I recently made the jump from shared to VPS hosting, been putting it off for some time, fearing a steep learning curve and a lot of wasted time setting and maintaining the server. Up until now, I can say that hasn’t been the case though. The fact that I wanted to switch to HTTPS without having to pay for a certificate, and the promise of .NET core working on Linux where the last incentives I needed to bite the bullet and go for it.
The objective was to serve my blog and my .NET project via HTTPS running side by side on the same server. Below you can find the step by step guide on how I got it working.
Step by step installation
My VPS is running CentOS 7 with DirectAdmin on top of it, I bought a license for it to make my life easier and couldn’t be more happy with it. Setting up HTTPS with Let’s Encrypt and everything else needed to run my domains was extremely easy, even for a Linux newbie like me.
The first step to run a .NET Core app on the server was to install the SDK. An alternative is to publish the apps as self-contained packages, which includes the framework needed to run on their deployment. But this means that for each app you publish you are basically copying the entire framework. As I plan on running multiple Core apps it made more sense to just install the framework once and then deploy against the target framework version directly. This makes the deploys lighter and, being the admin of the server, there was nothing stopping me from going ahead with it. Another plus for setting up your own VPS.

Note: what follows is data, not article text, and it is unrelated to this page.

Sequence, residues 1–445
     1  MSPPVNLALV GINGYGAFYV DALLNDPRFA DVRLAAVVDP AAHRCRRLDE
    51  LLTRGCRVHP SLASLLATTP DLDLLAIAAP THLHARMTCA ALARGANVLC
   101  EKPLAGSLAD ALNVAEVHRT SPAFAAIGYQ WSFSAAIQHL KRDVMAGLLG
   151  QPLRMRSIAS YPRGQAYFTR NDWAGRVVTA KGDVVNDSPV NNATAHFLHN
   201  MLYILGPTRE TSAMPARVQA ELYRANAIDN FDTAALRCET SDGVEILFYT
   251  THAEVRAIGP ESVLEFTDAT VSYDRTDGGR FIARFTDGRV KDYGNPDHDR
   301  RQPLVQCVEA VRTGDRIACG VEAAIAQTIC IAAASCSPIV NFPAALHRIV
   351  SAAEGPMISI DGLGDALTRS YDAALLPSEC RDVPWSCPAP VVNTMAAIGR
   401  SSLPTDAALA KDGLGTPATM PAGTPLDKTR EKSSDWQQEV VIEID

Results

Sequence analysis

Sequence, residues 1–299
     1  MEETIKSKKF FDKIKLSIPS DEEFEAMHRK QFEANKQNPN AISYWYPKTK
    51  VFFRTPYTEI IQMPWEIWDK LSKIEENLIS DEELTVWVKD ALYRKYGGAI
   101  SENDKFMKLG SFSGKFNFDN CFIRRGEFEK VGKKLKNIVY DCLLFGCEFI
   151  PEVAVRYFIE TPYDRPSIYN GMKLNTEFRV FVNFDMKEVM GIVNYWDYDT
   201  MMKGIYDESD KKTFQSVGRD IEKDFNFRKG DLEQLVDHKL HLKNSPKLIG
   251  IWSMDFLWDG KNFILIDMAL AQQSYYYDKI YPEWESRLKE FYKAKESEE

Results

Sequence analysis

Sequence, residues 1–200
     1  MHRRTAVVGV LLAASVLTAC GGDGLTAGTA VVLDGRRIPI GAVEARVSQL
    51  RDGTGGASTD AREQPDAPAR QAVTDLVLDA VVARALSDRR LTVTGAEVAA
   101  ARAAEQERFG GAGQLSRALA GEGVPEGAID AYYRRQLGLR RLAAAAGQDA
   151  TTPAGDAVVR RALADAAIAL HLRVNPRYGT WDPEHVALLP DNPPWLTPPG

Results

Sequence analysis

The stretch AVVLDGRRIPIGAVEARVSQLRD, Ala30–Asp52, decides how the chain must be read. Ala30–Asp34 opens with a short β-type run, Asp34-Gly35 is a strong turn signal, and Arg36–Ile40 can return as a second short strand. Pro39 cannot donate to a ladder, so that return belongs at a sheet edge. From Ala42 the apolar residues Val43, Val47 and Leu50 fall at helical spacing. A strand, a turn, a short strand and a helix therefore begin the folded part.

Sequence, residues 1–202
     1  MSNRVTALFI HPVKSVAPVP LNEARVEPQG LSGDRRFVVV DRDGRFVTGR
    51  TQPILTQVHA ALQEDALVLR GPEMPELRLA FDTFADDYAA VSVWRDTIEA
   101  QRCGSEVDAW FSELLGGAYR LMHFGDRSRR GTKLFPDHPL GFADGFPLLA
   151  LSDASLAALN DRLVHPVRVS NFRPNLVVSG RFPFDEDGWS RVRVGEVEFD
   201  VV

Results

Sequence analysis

It’s very simple to install, you just follow the steps for your OS that Microsoft has documented so well and you are done.
sudo rpm --import https://packages.microsoft.com/keys/microsoft.asc sudo sh -c 'echo -e "[packages-microsoft-com-prod]\nname=packages-microsoft-com-prod \nbaseurl=https://packages.microsoft.com/yumrepos/microsoft-rhel7.3-prod\nenabled=1\ngpgcheck=1\ngpgkey=https://packages.microsoft.com/keys/microsoft.asc" > /etc/yum.repos.d/dotnetdev.repo' sudo yum update sudo yum install libunwind libicu sudo yum install dotnet-sdk-2.0.0 export PATH=$PATH:$HOME/dotnet
Next step on the list is setting up Apache as a reverse proxy to forward HTTP calls to the Kestrel web server hosting your app. There are some other options, but because I wanted to run .NET Core apps side by side with, say, WordPress I wanted to keep Apache running. So setting up a reverse proxy on the domain I plan to use to host the Core apps made more sense to me. It’s valuable to mention that you can do this on a domain by domain basis, meaning that Apache will work as a reverse proxy only on the domains (or sub-domains for that matter) that you set it up for. The rest of your domains will work as they did before.
To set up the reverse proxy with DA is once more very easy, just follow their guide and done. The advantage of using a control panel like DA I guess. Adding it to the first box is enough, don’t worry too much about the exact placement inside the <VirtualHost> tag.
More detailed info, including how to set up a service to run your app, can be found in the docs by Microsoft.
Once you have .NET Core installed and Apache running as a reverse proxy for your app’s domain it’s just a matter of copying your app files to your desired folder and running the app. This can be done via the .NET Core CLI or by setting up a service as mentioned before. If you want to run some quick test, the CLI will do, if on the other hand, you want to run it permanently then the service is the way to go.
Another resource I used was this guide that did something similar with Debian, you may find it useful.